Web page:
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- HISTORIC HABITAT PROTECTION PROJECT IN LEVERETT AND SHUTESBURY
- OUTDOOR USERS: THANK A LANDOWNER TODAY
- EAGLE COUNT DATE CHANGE
- MASSWILDLIFE AT HOME SHOWS AND SPORTSMENS SHOWS
- HOUSING APPEAL FOR WOOD DUCKS IN MASSACHUSETTS
- 2011 PRELIMINARY ARCHERY AND SHOTGUN DEER SEASON RESULTS
- UPCOMING PUBLIC MEETINGS
Released January 4, 2012HISTORIC HABITAT PROTECTION PROJECT IN LEVERETT AND SHUTESBURY
In late December, the Commonwealth's largest private land conservation deal since the 1920's was finalized, resulting in the protection of 3,486 acres of working forest land in the towns of Leverett and Shutesbury. A conservation restriction acquired by the Department of Fish and Game (DFG) and its Division of Fisheries and Wildlife (MassWildlife) from North Amherst-based W.D. Cowls for $8.8 million is the largest on a contiguous block of privately owned land in Massachusetts. The 5.4 square mile area encompasses almost all of Brushy Mountain and some other nearby parcels of property.
"This successful and historic land conservation initiative is the result of a unique partnership that will protect this treasure for generations," said Governor Deval Patrick. "This land will forever be home to iconic wildlife, while remaining a productive working forest that supports local jobs and allows hunters, anglers and hikers to enjoy the great outdoors." The Kestrel Land Trust and Franklin Land Trust worked closely with DFG, to accomplish this historic land protection effort.
The property will be known as the Paul C. Jones Working Forest in honor of Cowls' recently deceased 8th generation family leader. Mr. Paul C. Jones, who for four decades spearheaded the company's forestry and lumber manufacturing operations, also promoted public sportsman access on thousands of acres of timberland throughout his lifetime. "We're obviously in it for the long run and this conservation achievement demonstrates how commercial forest management can complement open space conservation and recreation," said Cinda Jones, 9th generation co-owner and president. "My dad was really proud that we were making this happen and I'm so proud that we're naming the conserved forest after him." Cowls will continue to own and manage the woodland and conduct sustainable forestry operations under a state-approved Forest Stewardship Plan. Simultaneous with selling the restriction, Cowls added Forest Stewardship Council Green Certification to its existing Tree Farm and Chapter 61 certifications on the property.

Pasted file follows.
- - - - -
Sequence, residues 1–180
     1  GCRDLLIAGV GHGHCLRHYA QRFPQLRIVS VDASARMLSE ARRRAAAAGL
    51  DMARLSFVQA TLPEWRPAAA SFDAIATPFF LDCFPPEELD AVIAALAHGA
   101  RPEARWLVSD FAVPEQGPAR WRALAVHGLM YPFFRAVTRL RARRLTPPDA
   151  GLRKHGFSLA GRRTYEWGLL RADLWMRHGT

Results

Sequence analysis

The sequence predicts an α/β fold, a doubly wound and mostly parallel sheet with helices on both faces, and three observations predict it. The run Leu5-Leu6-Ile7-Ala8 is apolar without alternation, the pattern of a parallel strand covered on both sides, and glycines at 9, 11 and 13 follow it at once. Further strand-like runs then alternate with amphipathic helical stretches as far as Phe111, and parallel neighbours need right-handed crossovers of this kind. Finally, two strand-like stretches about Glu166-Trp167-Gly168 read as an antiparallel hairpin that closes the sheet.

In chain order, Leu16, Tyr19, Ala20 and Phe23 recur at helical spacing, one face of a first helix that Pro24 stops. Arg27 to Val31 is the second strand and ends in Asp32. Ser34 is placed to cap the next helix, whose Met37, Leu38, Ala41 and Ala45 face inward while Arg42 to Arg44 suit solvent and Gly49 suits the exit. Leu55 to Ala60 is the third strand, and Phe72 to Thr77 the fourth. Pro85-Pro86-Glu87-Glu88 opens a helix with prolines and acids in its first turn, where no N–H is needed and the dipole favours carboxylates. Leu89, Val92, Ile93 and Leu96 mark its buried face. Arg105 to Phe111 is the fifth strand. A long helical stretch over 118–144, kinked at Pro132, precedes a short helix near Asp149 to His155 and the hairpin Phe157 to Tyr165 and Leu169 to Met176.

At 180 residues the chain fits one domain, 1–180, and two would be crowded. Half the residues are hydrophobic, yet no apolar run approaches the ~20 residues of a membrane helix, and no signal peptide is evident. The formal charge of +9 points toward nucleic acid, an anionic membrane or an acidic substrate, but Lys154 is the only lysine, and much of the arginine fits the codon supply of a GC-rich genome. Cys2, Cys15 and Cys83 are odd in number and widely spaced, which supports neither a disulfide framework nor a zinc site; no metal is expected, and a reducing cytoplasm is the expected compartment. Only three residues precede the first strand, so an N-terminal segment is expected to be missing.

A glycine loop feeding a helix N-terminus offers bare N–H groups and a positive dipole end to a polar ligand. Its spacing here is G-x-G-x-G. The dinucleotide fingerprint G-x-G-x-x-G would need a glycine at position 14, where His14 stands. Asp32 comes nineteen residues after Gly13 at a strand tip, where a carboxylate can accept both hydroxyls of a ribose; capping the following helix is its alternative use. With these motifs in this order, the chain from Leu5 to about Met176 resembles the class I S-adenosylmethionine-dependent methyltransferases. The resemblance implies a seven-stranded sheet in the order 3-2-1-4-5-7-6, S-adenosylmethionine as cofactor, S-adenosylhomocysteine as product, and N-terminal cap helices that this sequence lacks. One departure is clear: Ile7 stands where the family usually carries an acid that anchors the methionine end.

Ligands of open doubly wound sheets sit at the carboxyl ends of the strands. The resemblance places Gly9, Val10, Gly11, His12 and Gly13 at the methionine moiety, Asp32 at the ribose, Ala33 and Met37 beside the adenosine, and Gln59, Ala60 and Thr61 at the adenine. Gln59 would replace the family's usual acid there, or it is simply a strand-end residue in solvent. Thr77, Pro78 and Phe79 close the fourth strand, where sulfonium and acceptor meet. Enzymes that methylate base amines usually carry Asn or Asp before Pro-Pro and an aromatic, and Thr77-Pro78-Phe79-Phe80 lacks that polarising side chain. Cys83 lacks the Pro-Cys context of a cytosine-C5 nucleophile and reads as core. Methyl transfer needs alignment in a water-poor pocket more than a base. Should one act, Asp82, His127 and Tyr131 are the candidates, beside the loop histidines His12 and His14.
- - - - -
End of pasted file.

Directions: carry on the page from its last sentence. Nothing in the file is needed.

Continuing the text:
"I am pleased to support this truly unique conservation opportunity with a $1 million grant through my new Landscape Partnership program. This is exactly the type of collaborative effort we want to encourage. This acquisition protects a very large, unfragmented forest ecosystem - an important climate change adaptation strategy," said Secretary Sullivan. "Equally important, it protects a vital working landscape that supports a sustainable, local forest industry. Statewide, forestry operations contribute $600 million annually to local rural economies in Massachusetts."
"Many kinds of wildlife, including wide ranging mammals such as black bear, moose, and bobcat, and forest birds such as the Scarlet tanager, Blackburnian warbler, and Canada warbler, require large, intact forests to thrive," said DFG Commissioner Mary Griffin. "We are grateful to W.D. Cowls for the opportunity to protect this incredible habitat for wildlife while maintaining sustainable forestry operations and providing public recreational access to an area with outstanding natural resources."
"This project is an example what can be achieved when state and federal agencies, local and national conservation organizations, and sportsmen come together to work on a common conservation goal," said Wayne MacCallum, Director of the Division of Fisheries and Wildlife. Approximately $3 million of the total is state funding, comprising DFG's investment of over $1.4 million from the Commonwealth's open space bond authorization and $500,000 in Wildland Stamp funds from the sale of fishing and hunting licenses, as well as $1 million awarded to DFG and the land trusts by EEA's new Landscape Partnership Grant Program. The two land trusts secured $5 million toward the purchase through the United States Department of Agriculture's (USDA) Forest Service's Forest Legacy Program, which receives funding from the federal Land and Water Conservation Fund (LWCF). The land trusts also successfully secured $839,600 through two grants from the Open Space Institute (OSI) -- the Western Massachusetts Land Protection Fund and Saving New England's Wildlife--which were made possible with grants from the Kohlberg Foundation and Doris Duke Charitable Foundation respectively.
"In addition to a significant conservation project, this acquisition is also a tribute to the Cowls' family dedication to creating a lasting conservation legacy," said George Darey, Chairman of the state Fisheries and Wildlife Board. About 70 percent of the project area is recognized by MassWildlife as BioMap2 Core Habitat, and 97 percent of the property is characterized as critical natural landscape - defined as an area that is well suited to support ecological processes, disturbances, and wide-ranging species. Core Habitat identifies key areas to ensure the long-term persistence of wildlife species of conservation concern, exemplary natural communities, and intact ecosystems across the Commonwealth.